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Sylvia
(2003)
Album Cover Art
Composed, Co-Orchestrated, Conducted, and Co-Produced by:

Co-Orchestrated by:
John Bell
Nick Ingman

Co-Produced by:
Jean-Pierre Arquié
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LABEL & RELEASE DATE
Varèse Sarabande
(November 18th, 2003)
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ALBUM AVAILABILITY
Regular U.S. release.
Awards
AWARDS
None.
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ALSO SEE




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   Availability | Viewer Ratings | Comments | Audio & Track Listings | Notes
Buy it... if you regularly enjoy Gabriel Yared's consistently pleasant, harmonious, and somber underscores for moderate orchestral ensembles and solo piano.

Avoid it... if you have no interest in sinking your spirits with a dreary piece of music for a dreary movie about a dreary character.
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EDITORIAL REVIEW
FILMTRACKS TRAFFIC RANK: #996
WRITTEN 11/22/03, REVISED 3/5/09
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Yared
Yared
Sylvia: (Gabriel Yared) If not for the use of arthouse venues to generate awards hopes, one really has to wonder why films like this get the green light, especially when every educated person entering the theatre knows that they will be disturbed and saddened when leaving it. The film is a true, biographical depiction of the marriage between American poet/novelist Sylvia Plath (Gwyneth Paltrow) and English poet Ted Hughes (Daniel Craig). Anyone knowledgeable about this most famous literary pairing of the 20th Century is familiar with the glorious beginning to their partnership as well as their unceremonious end. In short, after a passionate but rocky marriage, Hughes leaves Plath (who was quite neurotic to begin with) for another woman, and Plath successfully kills herself by sticking her head in a gas oven, leaving her brilliant writings and two children behind. Hughes would live another 35 years after the 1963 suicide of Plath, and he would largely be blamed for her death over the course of his own successful writing career. The film accurately follows the glum truths of Plath and Hughes' co-existence between 1956 and 1963, painfully drawing out the psychological ecstasy and devastation during lengthy sequences without dialogue. Critics hailed the film's attention to the topic (a film about Plath and Hughes was likely inevitable), but the inherently dreary nature of the story, with no redeeming grace, caused mixed audience reactions to the overall project. The intention of the film was likely to build upon the dramatic success of The Hours the previous year, a film in which another famous female author takes her life. When considering a composer for Sylvia, it would be safe to say that either Philip Glass or Gabriel Yared could provide a sufficiently classical score for the emotionally distraught illustrations. The difference between Glass and Yared, though, is that Yared seemed better equipped to convey the simple, flowing romanticism of the passionate side of the story without being inclined to convey his ideas in artistically rhythmic devices. Some mentioned at the time that Jan A. P. Kaczmarek's subtle melodrama may have been a good match for Sylvia, too. Interestingly, Yared's score for the film would package his own sensibilities with a few stylistic similarities to both Glass and Kaczmarek's mannerisms.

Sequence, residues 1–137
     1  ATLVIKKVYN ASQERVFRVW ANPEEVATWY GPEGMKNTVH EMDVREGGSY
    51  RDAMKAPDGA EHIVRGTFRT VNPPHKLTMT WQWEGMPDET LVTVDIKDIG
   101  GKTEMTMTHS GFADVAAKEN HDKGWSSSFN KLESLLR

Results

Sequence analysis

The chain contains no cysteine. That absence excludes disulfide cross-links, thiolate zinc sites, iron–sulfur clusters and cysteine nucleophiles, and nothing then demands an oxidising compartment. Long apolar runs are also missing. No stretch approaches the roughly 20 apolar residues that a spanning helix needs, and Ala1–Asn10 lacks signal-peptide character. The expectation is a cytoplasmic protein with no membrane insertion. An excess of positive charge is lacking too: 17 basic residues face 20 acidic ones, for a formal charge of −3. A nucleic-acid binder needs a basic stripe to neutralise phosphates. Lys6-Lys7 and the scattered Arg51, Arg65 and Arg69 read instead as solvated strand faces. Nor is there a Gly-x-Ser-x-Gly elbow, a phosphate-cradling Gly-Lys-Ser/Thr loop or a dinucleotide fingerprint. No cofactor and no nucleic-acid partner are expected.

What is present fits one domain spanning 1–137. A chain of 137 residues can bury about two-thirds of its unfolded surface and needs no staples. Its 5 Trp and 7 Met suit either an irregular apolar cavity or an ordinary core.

Ratings Icon
VIEWER RATINGS
582 TOTAL VOTES
Average: 3.3 Stars
***** 132 5 Stars
**** 150 4 Stars
*** 139 3 Stars
** 86 2 Stars
* 75 1 Stars
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COMMENTS
2 TOTAL COMMENTS
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Why is...
Bisse Börjesson - November 12, 2004, at 8:38 a.m.
1 comment  (2031 views)
Classically complex ideas?
Richard - November 29, 2003, at 8:40 p.m.
1 comment  (2546 views)
More...


Track Listings Icon
TRACK LISTINGS AND AUDIO
Audio Samples   ▼
Total Time: 46:42
• 1. Opening (2:26)
• 2. First Meeting (1:23)
• 3. Making Love (2:17)
• 4. The Cows (3:04)
• 5. The Scar (2:42)
• 6. The Marriage (1:16)
• 7. The Beach (3:33)
• 8. Seeds of Doubt (1:54)
• 9. Don't Ever Leave Me (2:04)
• 10. Devon (3:48)
• 11. Fire (4:45)
• 12. Empty Streets (3:06)
• 13. Lonely Christmas (1:05)
• 14. Last Love (1:36)
• 15. Romance (2:36)
• 16. Beethoven (1:28)
• 17. A Beautiful Dream (3:45)
• 18. Dying (3:10)

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NOTES AND QUOTES
The insert includes no extra information about the score or film.
Copyright © 2003-2017, Filmtracks Publications. All rights reserved.
The reviews and other textual content contained on the filmtracks.com site may not be published, broadcast, rewritten
or redistributed without the prior written authority of Christian Clemmensen at Filmtracks Publications. All artwork and sound clips from Sylvia are Copyright © 2003, Varèse Sarabande and cannot be redistributed without the label's expressed written consent. Page created 11/22/03 and last updated 3/5/09.
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